By Exec Edge Editorial Staff
Chinese E-commerce giant JD.com, Inc. (Nasdaq: JD) has broken through to the top 50 Fortune Global 500 companies, coming in at number 46 in Fortune magazine’s annual ranking of the biggest public companies in the world.
Rising another 13 places from number 59 last year, this marked the sixth year the company has landed on the list since it became the first Chinese internet company to do so in 2016.
Fortune noted JD.com’s enormous customer base of 570 million across the globe and revenue of $147.5 billion in 2021– an increase of 27.6 percent from 2020 – in its entry for the revenues-based annual ranking. Since debuting on the list at number 366 JD.com has been growing at an increasingly rapid pace, adapting with finesse to technological, environmental and economic changes that have occured in recent years.
Over the past six years, JD.com has undergone a transformation. Operating as a successful e-commerce business for the better part of the past two decades, through heavy investment in research and development and a shift in strategy it has evolved into a supply chain-based technology and service provider.
The company performed resiliently through the Covid-19 pandemic thanks to its strong supply chain capabilities, and has used this to emphasize its ability to contribute to society and the real economy.
Founded by Richard Liu who held the position of CEO until April 2022, JD.com was unique in utilizing purpose and values to drive its company forward long before it was widely known to strengthen a business. Liu began the business in 1998 as a stall selling electronics within Zhongguancun, a tech hub in northwest Beijing, refusing to haggle but guaranteeing all of the products in his stall were authentic and high-quality.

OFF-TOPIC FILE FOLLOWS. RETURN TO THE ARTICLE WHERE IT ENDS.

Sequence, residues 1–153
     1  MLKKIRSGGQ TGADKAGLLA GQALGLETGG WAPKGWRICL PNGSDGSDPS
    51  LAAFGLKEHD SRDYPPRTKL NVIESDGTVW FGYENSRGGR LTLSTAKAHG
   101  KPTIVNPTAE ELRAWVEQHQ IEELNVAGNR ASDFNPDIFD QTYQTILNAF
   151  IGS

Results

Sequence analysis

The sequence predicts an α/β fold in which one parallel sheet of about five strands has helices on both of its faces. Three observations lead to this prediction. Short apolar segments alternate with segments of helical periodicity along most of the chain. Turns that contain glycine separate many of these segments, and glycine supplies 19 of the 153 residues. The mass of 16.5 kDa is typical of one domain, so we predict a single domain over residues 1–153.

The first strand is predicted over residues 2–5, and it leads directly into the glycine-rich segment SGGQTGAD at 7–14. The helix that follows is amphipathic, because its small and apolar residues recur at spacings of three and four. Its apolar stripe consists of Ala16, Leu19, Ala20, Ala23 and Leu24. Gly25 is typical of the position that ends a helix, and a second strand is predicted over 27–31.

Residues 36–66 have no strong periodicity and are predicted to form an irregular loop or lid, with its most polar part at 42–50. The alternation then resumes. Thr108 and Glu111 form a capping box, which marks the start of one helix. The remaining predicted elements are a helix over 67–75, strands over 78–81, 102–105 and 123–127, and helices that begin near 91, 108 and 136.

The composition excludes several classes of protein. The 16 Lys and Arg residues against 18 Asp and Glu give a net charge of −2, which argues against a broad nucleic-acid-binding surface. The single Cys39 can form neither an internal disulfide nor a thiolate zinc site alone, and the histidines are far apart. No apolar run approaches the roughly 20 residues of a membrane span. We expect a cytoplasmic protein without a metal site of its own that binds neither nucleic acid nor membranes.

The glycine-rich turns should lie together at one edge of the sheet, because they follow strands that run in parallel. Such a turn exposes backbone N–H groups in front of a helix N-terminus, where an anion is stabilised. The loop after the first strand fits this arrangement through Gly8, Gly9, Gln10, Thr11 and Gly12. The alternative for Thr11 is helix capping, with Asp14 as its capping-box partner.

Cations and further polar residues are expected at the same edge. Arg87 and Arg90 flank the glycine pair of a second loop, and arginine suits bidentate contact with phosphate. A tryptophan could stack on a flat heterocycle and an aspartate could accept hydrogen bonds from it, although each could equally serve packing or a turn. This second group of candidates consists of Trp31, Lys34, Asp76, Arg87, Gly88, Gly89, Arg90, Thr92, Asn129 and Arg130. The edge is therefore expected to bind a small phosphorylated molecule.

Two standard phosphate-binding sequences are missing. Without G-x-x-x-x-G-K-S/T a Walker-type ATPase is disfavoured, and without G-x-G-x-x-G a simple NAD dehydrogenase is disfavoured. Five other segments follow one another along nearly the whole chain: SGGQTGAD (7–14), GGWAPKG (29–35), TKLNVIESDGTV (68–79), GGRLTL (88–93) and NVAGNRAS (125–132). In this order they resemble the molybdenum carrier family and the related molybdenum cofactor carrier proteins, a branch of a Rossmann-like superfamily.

The sentiment was divergent from the consumer market in China at the time where trust was low and counterfeits were rampant, but proved to be a successful strategy for Liu. In five years he had moved up and out of Zhongguancun, turning his business into a chain of electronics stores in multiple cities across China.
It was only in 2003 when the SARS epidemic in China caused similar restrictions and lockdowns that Covid-19 has in recent years that Liu first began selling his products online. Within a year, he had made the decision to close all of his brick and mortar stores and move operations online exclusively.
Today, JD’s product offerings have expanded to Amazon-like proportions, selling everything from groceries in under an hour to luxury goods via a white glove service.
The company went public on the Nasdaq in 2014 and completed a secondary listing on the Hong Kong Stock Exchange in 2020. It has also spawned several subsidiaries including a pharmaceuticals and healthcare branch, JD Health, that went public on the HKEX in 2020, and its logistics business JD Logistics debut on the HKEX in 2021.
In 2020, Richard Liu updated JD.com’s mission to be “powered by technology for a more productive and sustainable world.” The company positions itself as “a new type of real economy enterprise” that possesses both the attributes of the real economy in its DNA including its logistics infrastructures and more, and the technologies and know-hows to serve the digital transformation of tangible businesses.
JD.com currently has over 10 million individual SKUs and an inventory turnover of roughly 30 days. While online retail is still the lifeblood of the company, over the past few years it has been expanding its omnichannel capabilities, returning to its brick-and-mortar roots and opening over 10,000 physical stores across China. It has also opened its products’ supply chains to millions of physical stores in over 300 cities and partnered with more than 150,000 offline stores for on-demand delivery services in less than an hour.